IT STARTED OUT a couple of hundred years ago with a bunch of Indians teaching the white man what to do with a razorback hog. It started out as one man here, one farmer there, and a way to preserve venison.

And today it's all high finances and big industry. In fact, it's ITT and C. Wyatt Dickerson. Or it was C. Wyatt Dickerson until he was forced to get out. But It's still ITT. And Swift.

It's the Smithfield ham business. And the Virginia ham and the country ham. It's fast, it's efficient, it's booming. And most of all it's slick.

It's slick all the way from the affable, smooth-talking executives of each of the four big meat-packing firms in Smithfield to the man at Gwaltney who oversees the curing, smoking and aging of the Smithfield hams and who has a title right out of a commercial - the Curemaster.

The most famous of the Virginia produced hams (although the least ubiquitous) is the Smithfield ham. Its flavor is salty, smokey and slightly gamey - a potent taste that lingers in your mouth and nostrils so that after you have eaten several paper-thin slices, all the food you sample for the next couple of days will taste like Smithfield ham. It is a flavor that takes some getting used to.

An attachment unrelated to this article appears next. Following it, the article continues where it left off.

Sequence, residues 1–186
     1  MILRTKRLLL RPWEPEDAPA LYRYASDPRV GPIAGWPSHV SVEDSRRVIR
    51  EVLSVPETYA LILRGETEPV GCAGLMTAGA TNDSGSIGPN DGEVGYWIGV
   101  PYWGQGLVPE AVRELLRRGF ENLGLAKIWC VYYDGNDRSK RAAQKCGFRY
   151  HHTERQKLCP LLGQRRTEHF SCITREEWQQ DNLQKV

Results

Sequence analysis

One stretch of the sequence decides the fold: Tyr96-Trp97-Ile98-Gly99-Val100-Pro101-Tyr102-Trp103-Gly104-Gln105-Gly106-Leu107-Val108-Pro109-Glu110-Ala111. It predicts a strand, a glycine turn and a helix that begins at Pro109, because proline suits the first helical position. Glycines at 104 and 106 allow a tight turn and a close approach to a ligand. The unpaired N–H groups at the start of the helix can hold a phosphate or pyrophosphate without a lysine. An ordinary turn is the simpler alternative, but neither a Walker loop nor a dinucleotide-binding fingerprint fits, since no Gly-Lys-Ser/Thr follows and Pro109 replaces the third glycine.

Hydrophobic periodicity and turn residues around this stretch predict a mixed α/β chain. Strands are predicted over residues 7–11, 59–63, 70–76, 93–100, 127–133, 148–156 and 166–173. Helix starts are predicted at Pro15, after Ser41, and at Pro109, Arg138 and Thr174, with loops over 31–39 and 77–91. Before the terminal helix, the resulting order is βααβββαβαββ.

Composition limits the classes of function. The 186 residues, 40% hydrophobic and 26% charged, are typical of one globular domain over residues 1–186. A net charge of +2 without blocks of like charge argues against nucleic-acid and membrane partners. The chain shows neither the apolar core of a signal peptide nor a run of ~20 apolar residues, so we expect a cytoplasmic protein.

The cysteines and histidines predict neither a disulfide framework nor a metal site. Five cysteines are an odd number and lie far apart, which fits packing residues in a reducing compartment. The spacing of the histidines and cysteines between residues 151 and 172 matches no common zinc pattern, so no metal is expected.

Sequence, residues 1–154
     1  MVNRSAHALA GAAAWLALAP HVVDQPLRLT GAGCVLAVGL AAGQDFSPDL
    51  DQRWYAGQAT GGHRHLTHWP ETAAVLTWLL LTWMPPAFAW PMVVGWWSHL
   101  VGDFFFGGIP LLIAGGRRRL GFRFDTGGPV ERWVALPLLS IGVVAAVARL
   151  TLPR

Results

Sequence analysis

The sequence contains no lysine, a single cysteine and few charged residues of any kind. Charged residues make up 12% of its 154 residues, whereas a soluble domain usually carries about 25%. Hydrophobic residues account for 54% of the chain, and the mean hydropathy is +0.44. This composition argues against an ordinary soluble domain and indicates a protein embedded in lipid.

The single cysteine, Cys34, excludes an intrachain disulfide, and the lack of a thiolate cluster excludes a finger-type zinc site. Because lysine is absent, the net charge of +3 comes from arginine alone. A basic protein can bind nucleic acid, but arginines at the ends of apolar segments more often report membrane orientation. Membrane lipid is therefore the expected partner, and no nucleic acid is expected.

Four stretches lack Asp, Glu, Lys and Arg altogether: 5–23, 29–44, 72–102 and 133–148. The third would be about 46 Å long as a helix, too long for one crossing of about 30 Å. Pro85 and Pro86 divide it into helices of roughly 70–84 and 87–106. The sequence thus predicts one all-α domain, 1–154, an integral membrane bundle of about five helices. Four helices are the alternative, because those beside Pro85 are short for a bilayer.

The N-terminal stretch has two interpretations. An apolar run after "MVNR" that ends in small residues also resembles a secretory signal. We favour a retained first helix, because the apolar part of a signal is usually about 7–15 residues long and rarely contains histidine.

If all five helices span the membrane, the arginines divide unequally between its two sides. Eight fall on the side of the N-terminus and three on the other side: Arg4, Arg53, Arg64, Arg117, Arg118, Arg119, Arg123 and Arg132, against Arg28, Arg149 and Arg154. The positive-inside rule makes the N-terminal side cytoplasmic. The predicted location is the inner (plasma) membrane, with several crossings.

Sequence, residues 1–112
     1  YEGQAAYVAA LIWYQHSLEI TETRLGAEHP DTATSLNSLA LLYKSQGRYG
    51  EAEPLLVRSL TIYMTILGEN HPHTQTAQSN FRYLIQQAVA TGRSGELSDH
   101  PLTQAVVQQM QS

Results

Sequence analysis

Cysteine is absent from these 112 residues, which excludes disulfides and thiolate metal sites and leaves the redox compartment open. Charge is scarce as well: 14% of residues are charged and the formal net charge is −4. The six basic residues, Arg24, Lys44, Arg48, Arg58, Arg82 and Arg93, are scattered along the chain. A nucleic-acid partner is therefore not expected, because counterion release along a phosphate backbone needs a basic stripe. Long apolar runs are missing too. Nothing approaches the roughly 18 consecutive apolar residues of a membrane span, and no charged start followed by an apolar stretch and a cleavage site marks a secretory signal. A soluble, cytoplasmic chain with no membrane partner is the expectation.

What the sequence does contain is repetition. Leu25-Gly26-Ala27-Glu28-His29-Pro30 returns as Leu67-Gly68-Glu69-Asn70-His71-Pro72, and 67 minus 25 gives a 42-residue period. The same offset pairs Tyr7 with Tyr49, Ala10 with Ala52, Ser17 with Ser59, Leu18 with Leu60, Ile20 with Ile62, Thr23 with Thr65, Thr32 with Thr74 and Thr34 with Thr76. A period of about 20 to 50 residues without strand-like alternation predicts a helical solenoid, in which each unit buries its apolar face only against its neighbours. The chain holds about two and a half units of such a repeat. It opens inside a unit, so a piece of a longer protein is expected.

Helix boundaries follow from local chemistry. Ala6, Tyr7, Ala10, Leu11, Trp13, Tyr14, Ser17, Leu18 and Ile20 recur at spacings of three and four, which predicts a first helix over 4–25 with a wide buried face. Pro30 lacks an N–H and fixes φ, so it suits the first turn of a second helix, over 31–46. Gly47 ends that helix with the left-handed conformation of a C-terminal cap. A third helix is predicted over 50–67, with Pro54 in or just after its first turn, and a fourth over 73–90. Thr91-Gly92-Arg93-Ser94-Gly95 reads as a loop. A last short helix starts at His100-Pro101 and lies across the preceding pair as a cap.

It is a long piece of hog hindquarter, weighing an average of twelve pounds, starting up in the animal's loin and ending far down the shank.

It is relatively old piece of meat, having been aged a minimum of six months, according to the law. It is covered with pepper and, very often, a spotty layer of green and grey mold, though when you see it hanging in one of Virginia's country stores or supermarkets it is often clothed in a picturesque cloth sack, complete with fake antique lettering offering such suggestions as "store in Spring Houfe."

All of this sell for an average of $2.65 a pound, better than two-and-a-half times what you'd pay for an ordinary ham.